Risk of progressive hearing loss in untreated superior semicircular canal dehiscence

Neil S. Patel, Jacob B. Hunter, Brendan P. O'Connell, Natalie M. Bertrand, George B. Wanna, Matthew L. Carlson

Research output: Contribution to journalArticlepeer-review

13 Scopus citations


Objective: Patients with incidental or minimally symptomatic superior semicircular canal dehiscence (SSCD) are usually observed, without surgical repair. However, it remains unknown whether a labyrinthine fistula of the superior semicircular canal is associated with progressive conductive or sensorineural hearing loss over time. Study Design: Retrospective review at two tertiary care academic referral centers. Methods: Adults analyzed were diagnosed with SSCD by high-resolution temporal bone computed tomography and vestibular evoked myogenic potential testing and observed with a minimum of two sequential audiograms. Patients with other potential causes of hearing impairment were excluded. Results: A total of 40 ears in 30 adult patients (median age: 59 years; 63% female) were analyzed. Median audiometric follow-up was 23 months (range 1–136 months). None experienced a sudden hearing loss over the follow-up period. In patients with audiometric follow-up of at least 20 months (median 34 months), the median change in air-conduction pure tone average and air–bone gap was 0.9 decibels (dB) per year (interquartile range [IQR] 0–2.1) and 0.7 dB per year (IQR 0–2.0), respectively. Speech discrimination scores did not differ when comparing median initial (100%) and median final (98%) scores (P = 0.77). There was no statistically significant change in bone-conduction thresholds at 0.5, 1, 2, and 4 kHz over the period of observation. Conclusion: The risk of progressive hearing loss with observed SSCD is low during short- and intermediate-term follow-up. Further studies are necessary to determine whether late hearing loss occurs. Such information may be critical toward patient counseling regarding the need for and timing of surgery. Level of Evidence: 4. Laryngoscope, 127:1181–1186, 2017.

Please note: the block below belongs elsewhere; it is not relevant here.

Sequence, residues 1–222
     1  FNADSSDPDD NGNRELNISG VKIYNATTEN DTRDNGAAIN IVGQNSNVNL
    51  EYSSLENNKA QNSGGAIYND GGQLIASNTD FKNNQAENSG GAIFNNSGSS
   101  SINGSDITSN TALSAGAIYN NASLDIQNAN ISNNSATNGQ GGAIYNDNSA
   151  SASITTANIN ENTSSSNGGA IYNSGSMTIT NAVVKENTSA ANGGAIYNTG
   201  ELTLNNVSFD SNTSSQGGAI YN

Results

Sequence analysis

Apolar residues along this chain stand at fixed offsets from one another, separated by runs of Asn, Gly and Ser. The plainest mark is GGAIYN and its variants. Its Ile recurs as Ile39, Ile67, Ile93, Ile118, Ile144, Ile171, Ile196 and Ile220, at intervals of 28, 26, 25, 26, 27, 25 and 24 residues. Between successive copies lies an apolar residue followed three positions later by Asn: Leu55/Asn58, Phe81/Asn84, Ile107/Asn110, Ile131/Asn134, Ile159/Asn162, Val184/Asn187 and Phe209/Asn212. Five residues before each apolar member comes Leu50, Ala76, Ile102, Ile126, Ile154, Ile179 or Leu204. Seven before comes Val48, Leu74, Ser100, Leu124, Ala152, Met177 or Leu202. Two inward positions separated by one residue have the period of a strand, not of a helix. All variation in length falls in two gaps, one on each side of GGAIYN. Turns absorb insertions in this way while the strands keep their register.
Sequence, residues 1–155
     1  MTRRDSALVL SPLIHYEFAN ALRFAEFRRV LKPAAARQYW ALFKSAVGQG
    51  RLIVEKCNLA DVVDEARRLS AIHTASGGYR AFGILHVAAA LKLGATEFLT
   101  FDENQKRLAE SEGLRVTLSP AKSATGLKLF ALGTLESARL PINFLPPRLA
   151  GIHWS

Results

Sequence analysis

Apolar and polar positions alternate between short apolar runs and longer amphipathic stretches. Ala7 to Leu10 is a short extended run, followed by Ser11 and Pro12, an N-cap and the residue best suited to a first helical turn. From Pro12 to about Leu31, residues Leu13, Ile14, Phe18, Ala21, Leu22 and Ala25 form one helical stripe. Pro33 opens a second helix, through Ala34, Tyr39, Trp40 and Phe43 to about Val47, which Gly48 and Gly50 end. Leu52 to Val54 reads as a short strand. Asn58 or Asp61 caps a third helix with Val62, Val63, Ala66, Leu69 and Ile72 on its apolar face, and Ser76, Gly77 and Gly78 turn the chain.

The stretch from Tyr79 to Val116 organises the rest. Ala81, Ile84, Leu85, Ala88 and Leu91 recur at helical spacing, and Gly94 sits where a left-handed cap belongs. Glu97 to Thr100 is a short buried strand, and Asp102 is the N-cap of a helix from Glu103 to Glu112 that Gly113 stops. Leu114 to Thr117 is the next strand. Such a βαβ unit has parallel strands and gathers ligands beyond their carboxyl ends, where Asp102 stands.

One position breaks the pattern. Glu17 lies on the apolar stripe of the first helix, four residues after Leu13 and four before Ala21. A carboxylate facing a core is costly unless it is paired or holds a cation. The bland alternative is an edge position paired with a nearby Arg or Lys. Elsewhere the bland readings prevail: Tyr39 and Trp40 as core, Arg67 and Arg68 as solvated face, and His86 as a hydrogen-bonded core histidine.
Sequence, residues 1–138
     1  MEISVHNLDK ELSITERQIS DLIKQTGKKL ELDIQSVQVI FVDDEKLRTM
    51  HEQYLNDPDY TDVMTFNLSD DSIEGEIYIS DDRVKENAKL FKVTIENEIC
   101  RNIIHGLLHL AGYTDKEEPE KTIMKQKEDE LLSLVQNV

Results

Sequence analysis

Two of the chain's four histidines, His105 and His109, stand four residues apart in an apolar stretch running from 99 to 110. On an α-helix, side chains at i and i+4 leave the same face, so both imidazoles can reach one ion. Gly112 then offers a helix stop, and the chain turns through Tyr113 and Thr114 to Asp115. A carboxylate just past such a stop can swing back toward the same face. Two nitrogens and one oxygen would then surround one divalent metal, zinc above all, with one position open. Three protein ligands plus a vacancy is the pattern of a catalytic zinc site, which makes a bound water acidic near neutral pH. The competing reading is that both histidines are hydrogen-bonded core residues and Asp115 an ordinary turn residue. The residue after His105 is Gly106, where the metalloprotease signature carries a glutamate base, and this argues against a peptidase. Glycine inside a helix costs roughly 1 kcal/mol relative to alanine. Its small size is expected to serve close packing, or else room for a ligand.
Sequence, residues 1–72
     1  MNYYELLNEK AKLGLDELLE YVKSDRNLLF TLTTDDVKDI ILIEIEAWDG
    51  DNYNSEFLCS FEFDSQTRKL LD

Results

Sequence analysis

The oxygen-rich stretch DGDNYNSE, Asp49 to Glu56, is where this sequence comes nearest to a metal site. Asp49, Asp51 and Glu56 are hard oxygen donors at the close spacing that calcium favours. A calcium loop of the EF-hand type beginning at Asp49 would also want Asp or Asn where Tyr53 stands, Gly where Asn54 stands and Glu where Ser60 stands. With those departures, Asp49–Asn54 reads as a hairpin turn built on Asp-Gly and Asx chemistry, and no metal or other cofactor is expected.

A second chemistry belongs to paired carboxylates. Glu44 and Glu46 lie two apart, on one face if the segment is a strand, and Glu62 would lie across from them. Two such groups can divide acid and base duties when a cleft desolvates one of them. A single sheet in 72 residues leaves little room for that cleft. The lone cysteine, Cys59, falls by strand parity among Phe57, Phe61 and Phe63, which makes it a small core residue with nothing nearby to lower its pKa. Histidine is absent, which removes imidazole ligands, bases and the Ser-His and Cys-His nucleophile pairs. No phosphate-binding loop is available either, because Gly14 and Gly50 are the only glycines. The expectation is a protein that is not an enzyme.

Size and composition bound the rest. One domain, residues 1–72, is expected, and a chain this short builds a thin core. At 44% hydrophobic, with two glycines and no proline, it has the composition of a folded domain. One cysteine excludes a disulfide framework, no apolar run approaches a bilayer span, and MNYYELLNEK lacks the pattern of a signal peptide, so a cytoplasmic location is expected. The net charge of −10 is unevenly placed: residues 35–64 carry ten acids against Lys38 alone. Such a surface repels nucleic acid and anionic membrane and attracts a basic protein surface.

Original languageEnglish (US)
Pages (from-to)1181-1186
Number of pages6
Issue number5
StatePublished - May 1 2017


  • audiometry
  • cranial base
  • hearing loss
  • neurotology
  • skull base
  • Superior semicircular canal dehiscence
  • vestibular disorders

ASJC Scopus subject areas

  • Otorhinolaryngology


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